I believe that books, once they are written, have no need of their authors. If they have something to say, they will sooner or later find readers; if not, they won’t. … I do not intend to do anything … that might involve the public engagement of me personally. I’ve already done enough for this long story: I wrote it. If the book is worth anything, that should be sufficient.

In the letter, she wrote of ‘those mysterious volumes, both ancient and modern, that have no definite author but have had and continue to have an intense life of their own’. She closes her letter by suggesting that while her demand for complete privacy may be unconventional and difficult for her publisher, she will at least be ‘the least expensive author of the publishing house’.

I find Elena Ferrante’s approach fascinating, as do many authors, I think. On the one hand, all authors crave peace and quiet in which to write, and to put our ‘art’ first and foremost. Many authors have spoken out about their discomfort at being in the public eye. Veronica Roth, for example, author of the wildly popular Divergent series, wrote a blog post after the first book was published admitting she was struggling greatly with anxiety now that her work was under inspection. ‘Writing used to feel safe,’ she wrote, ‘because it was so private.’

But the desire for anonymity is not whole-hearted for the majority of authors, or even realistic. Take the issue of promotion. Ferrante is not ‘the least expensive author of the publishing house’. The publisher must promote her books in order to sell them; they simply have to do this without her assistance. And, in fact, her decision to be so private has become her marketing hook: her books are not authorless at all, they are written by ‘that lady whose identity is so famously unknown’.

Putting aside the business of publishing, however, I see another, more compelling reason for the visibility of the author. It comes down to authenticity. Take Veronica Roth once more as an example. When you know something of the author – that anxiety has been an issue for her – the narrative of the Divergent series has more depth, more meaning: it is all about conquering fear.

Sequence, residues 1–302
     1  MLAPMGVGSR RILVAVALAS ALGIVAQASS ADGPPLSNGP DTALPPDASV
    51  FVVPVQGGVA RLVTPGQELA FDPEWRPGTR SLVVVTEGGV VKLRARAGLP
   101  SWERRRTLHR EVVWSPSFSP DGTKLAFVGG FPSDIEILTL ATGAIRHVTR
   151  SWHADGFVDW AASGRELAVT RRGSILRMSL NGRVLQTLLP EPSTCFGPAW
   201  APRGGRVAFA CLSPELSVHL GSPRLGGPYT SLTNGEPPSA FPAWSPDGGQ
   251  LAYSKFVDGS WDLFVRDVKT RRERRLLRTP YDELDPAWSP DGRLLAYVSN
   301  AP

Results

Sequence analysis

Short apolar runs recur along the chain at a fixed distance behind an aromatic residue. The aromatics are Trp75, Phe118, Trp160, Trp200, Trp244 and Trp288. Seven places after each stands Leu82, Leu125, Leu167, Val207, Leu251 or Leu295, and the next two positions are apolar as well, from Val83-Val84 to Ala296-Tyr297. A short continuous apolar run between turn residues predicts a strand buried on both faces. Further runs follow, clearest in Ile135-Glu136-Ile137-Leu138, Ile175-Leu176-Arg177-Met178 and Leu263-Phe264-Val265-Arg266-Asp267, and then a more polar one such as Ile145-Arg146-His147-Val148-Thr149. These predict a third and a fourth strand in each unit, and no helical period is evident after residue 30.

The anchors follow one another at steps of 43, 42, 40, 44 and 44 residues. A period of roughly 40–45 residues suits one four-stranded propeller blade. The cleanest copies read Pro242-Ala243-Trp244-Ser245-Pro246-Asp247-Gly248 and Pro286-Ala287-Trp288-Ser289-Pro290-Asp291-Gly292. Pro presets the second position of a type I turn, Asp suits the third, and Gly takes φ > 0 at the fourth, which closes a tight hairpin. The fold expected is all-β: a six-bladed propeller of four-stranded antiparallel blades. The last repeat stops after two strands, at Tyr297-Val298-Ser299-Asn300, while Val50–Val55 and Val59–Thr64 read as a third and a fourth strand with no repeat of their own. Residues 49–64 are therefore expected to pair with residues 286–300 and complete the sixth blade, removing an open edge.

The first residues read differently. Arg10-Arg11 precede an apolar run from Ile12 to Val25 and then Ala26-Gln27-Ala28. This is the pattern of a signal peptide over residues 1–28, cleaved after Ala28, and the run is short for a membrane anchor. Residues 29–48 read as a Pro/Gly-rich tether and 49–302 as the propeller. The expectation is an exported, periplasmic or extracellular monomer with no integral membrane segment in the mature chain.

In my own writing, I am present. I am not my heroines; their stories are not my own. But I have lived in and travelled to the locations in which my novels are set, and I know that my own sense of places comes forth strongly in the novels. Would you enjoy my books so much if you knew nothing of me? Or does knowing a little about how and why I wrote each book help you connect better to the story and the characters and the meaning? Is knowing that I write my romance novels sitting on a terrace overlooking the Mediterranean ocean meaningful? I think it is: meaningful, important, genuine.

When we like a book, we are interested in the writer. And I think, most of all, we respect that writer, not only for the writer’s ingenuity and creativity and talent and intellect, but for their courage in allowing themselves to be vulnerable. Writing, as Roth said, is safe. Sharing that writing publicly, standing behind that writing and being known as the author, is not so safe; it forces vulnerability. But as Jan Denise has put it, ‘There is something about vulnerability that helps us to connect with people.’ And all writing that is shared, not burned on the fire, is designed to connect the creator’s vision to others. As John Donne wrote:

No man is an island,
Entire of itself,
Every man is a piece of the continent,
A part of the main.

classics

How thorough is your reading scope? Have you read all of the novels commonly held as being important, classic works of literature? Have you ticked off the list Great Expectations and Madame Bovary and Pride and Prejudice and Les Misèrables and The Great Gatsby and Nineteen Eighty-Four and The Hobbit and The Grapes of Wrath and The Odyssey and Ulysses and The Catcher in the Rye and Crime and Punishment?

I very much expect the answer is a resounding ‘No’. Unless you are an English professor or particularly interested in literary fiction, you have likely read some classics but there are sizeable gaps in your reading.

How does confessing to the gaps make you feel? Are you quite happy to say you have read no more than three, five, ten, twenty classic novels – or do you feel a little uncomfortable being questioned on the subject? If an English professor grilled you on your reading list, would you feel somehow that you should have read more classic works? Or, indeed, would you feel annoyed by the professor suggesting (in a superior, snobbish tone) that you really ought to have made it through Moby Dick and War and Peace?